days after the invasion of Iraq commenced US troops
have entered the capital city Baghdad. It might not
have been with the speed initially anticipated but
neither did it arrive at the tail end of months of
prolonged fighting coupled with a heavy US casualty
rate. Coalition fears - and others hopes - that
stiff resistance would have made the penetration of
the city unprofitable have proved groundless. Vincent
Brownes apprehensions of 1000 US and British
military fatalities seem a long way off. And the neo
cons who appear to be at the helm of US foreign
policy are not yet ready to receive their comeuppance
from those who predicted the demise of their careers
as Shock and Awe seemed to become sand and dust, grinding
to a halt in the Iraqi desert.
casualties while both horrendous and high have been
considerably fewer than in other wars throughout the
past hundred years. This is more tactical than ethical.
The whatever it takes philosophy of George
W Bush always meant that, ultimately, high civilian
fatalities would act as no deterrent to the US achieving
its objectives. A week prior to the ground assault
on Baghdad, Red Cross doctors in southern Iraq spoke
of "incredible" levels of civilian casualties.
The organisations Roland Huguenin said doctors
were horrified by the casualties they found in a hospital
in Hilla, south of Baghdad: there has been an
incredible number of casualties with very, very serious
wounds in the region of Hilla. Many casualties
in this war have been sustained by what the journalist
Lara Marlowe described as the poorest of the
poor. Further indications that even more misery
was being heaped onto their already blighted lives
came from Fadela Chaib, of the World Health Organisation
who complained of an acute shortage of health and
Brigadier General Vincent Brooks sounded blasé,
bored almost, with questions from reporters about
civilian casualties. While we regret the loss
of civilian lives, they remain unavoidable as they
have been throughout history. But they were
entirely avoidable. In these matters it serves us
well to remember the words of former US secretary
James Baker: this is a war of choice, not a
war of necessity. The Coalition decided to invade.
It could have decided otherwise.
present our TV screens are awash with cheering Iraqi
civilians. There is no doubt that many are happy.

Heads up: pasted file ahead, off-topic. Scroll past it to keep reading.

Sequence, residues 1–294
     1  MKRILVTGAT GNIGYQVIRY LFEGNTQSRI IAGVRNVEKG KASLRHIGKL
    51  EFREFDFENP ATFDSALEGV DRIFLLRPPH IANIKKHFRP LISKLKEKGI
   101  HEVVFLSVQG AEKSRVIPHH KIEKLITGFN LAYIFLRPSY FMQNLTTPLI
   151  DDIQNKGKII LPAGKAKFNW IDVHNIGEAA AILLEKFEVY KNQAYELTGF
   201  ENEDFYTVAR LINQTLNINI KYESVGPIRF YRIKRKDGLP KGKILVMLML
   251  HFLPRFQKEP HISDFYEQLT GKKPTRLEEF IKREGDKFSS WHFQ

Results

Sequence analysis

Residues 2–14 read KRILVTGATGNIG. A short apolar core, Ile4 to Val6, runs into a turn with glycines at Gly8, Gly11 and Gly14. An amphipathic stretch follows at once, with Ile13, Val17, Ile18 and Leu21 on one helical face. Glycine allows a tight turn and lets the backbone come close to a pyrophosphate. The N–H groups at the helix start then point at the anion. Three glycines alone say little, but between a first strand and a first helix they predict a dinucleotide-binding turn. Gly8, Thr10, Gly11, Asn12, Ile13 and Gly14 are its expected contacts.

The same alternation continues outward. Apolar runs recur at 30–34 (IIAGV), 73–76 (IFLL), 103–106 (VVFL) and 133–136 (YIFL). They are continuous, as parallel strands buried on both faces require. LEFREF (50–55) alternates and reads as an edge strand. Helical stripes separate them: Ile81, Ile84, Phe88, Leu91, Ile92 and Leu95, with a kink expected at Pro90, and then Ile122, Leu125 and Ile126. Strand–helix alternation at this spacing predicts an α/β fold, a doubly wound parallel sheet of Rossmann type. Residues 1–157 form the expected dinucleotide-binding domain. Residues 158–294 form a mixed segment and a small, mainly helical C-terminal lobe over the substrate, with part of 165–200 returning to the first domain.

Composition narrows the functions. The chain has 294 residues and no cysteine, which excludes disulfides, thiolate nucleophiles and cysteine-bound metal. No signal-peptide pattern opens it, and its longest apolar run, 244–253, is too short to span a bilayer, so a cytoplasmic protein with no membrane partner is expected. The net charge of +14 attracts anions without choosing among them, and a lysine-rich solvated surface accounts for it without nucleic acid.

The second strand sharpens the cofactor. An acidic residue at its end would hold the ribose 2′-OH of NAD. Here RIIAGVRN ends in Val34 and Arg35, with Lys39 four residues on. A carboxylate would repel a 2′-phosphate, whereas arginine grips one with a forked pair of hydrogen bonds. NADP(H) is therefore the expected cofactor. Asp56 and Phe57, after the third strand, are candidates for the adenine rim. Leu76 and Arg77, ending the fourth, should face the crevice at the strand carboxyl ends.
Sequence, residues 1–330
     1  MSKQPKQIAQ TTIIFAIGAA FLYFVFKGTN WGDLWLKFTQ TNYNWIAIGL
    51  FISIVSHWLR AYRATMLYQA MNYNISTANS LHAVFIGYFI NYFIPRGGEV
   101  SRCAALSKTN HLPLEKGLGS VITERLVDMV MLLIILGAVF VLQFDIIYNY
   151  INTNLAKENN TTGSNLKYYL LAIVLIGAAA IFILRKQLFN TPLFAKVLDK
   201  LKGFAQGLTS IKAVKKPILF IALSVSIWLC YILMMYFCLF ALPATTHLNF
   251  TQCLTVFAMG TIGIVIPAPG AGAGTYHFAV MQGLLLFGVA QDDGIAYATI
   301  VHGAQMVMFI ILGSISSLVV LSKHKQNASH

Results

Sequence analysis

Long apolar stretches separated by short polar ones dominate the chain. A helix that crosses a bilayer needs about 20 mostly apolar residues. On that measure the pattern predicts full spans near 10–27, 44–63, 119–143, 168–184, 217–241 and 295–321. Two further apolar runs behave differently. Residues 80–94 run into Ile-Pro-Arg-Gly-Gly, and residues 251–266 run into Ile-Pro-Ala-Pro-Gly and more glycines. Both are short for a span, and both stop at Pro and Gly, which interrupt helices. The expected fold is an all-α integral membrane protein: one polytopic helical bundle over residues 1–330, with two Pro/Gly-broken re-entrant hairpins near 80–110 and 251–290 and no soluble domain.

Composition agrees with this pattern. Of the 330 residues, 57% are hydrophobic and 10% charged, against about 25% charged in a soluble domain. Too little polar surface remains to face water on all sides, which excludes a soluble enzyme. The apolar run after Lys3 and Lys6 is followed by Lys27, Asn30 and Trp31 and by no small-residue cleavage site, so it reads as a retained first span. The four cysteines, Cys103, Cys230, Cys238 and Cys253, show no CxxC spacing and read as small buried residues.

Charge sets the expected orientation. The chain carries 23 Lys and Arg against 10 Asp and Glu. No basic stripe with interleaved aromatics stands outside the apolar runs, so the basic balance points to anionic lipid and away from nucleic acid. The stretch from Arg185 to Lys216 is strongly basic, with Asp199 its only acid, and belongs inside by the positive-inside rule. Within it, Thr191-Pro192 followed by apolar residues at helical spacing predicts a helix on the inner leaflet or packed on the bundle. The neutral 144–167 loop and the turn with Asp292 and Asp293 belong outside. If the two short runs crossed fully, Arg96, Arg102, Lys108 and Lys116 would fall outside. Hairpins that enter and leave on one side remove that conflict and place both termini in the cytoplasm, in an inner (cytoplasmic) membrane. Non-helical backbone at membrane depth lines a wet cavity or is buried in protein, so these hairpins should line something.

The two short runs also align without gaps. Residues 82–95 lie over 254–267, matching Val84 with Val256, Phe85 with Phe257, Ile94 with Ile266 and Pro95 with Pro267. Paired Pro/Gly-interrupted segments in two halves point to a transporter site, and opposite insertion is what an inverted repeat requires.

It would stir amazement if they were to be anything
else. They were subjected to the rule of the Baath
Party for decades. At the same time we should remain
mindful of how such images can be manufactured. Tony
Blairs 1997 election victory as British Prime
Minister saw a spontaneous crowd swamp
Downing Street. It was later revealed that the crowd
were made up of Labour Party members and their families.
The spontaneity was a charade meant to deceive the
public - a clear declaration of intent by the incoming
PM that his would be a government of spin and deceit.
This does not mean that the joyous scenes in Iraq
can be dismissed as some bourgeois fantasy making
in which all the actors are puppets. It just means
that we should never assimilate images uncritically.
Some Sky News coverage of the scenes in Baghdad yesterday
would inspire caution in even the most docile of viewers
- one embedded reporter made little attempt to hide
his glee at the sight of US troops. The latter to
their credit seemed much less gung ho than he.
we who have inhabited our own little conflict region
for so long know that the initial greeting of flowers
and tea can quickly turn to stones and bullets. Just
over a decade ago Colin Powell made the following
Hussein is a terrible person, he is a threat to
his own people. I think his people would be better
off with a different leader, but there is this sort
of romantic notion that if Saddam Hussein got hit
by a bus tomorrow, some Jeffersonian democrat is
waiting in the wings to hold popular elections
You're going to get - guess what - probably another
Saddam Hussein. It will take a little while for
them to paint the pictures all over the walls again
but there should be no illusions about the
nature of that country or its society. And the American
people and all of the people who second-guess us
now would have been outraged if we had gone on to
Baghdad and we found ourselves in Baghdad with American
soldiers patrolling the streets two years later
still looking for Jefferson.
anything substantively changed which would support
an opinion contrary to that offered by Colin Powell?
the time being the media seem content to convey an
image that the worst problem plaguing daily life in
cities like Baghdad and Basra is the widespread looting
which is taking place in the vacuum of lawlessness
created by the withdrawal of the Saddam regime from
the cities. But is the real looting just about to
begin? Uri Avnery rummaging through Ambrose Bierces
The Devil's Dictionary found that "coalition"
is defined as the cooperation between two thieves
who have their hands so deep in each others pockets
that they cannot rob a third person separately.
Coalition forces may find themselves having to dig
deep. Phase two of Invasion Iraq will certainly not
be over in 21 days.
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